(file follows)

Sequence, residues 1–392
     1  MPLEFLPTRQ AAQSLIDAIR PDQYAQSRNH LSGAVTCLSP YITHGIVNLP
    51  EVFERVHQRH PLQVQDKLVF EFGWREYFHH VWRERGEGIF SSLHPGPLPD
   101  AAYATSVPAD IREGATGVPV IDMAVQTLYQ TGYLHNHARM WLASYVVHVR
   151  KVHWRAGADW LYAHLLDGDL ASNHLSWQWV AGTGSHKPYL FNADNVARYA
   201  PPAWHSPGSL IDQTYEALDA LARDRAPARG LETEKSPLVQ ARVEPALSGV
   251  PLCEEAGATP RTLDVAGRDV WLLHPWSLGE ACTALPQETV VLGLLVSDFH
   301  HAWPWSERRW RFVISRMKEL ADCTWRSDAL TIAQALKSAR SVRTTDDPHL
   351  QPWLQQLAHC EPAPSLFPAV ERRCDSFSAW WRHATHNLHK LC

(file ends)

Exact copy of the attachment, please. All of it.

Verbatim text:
Sequence, residues 1–392
     1  MPLEFLPTRQ AAQSLIDAIR PDQYAQSRNH LSGAVTCLSP YITHGIVNLP
    51  EVFERVHQRH PLQVQDKLVF EFGWREYFHH VWRERGEGIF SSLHPGPLPD
   101  AAYATSVPAD IREGATGVPV IDMAVQTLYQ TGYLHNHARM WLASYVVHVR
   151  KVHWRAGADW LYAHLLDGDL ASNHLSWQWV AGTGSHKPYL FNADNVARYA
   201  PPAWHSPGSL IDQTYEALDA LARDRAPARG LETEKSPLVQ ARVEPALSGV
   251  PLCEEAGATP RTLDVAGRDV WLLHPWSLGE ACTALPQETV VLGLLVSDFH
   301  HAWPWSERRW RFVISRMKEL ADCTWRSDAL TIAQALKSAR SVRTTDDPHL
   351  QPWLQQLAHC EPAPSLFPAV ERRCDSFSAW WRHATHNLHK LC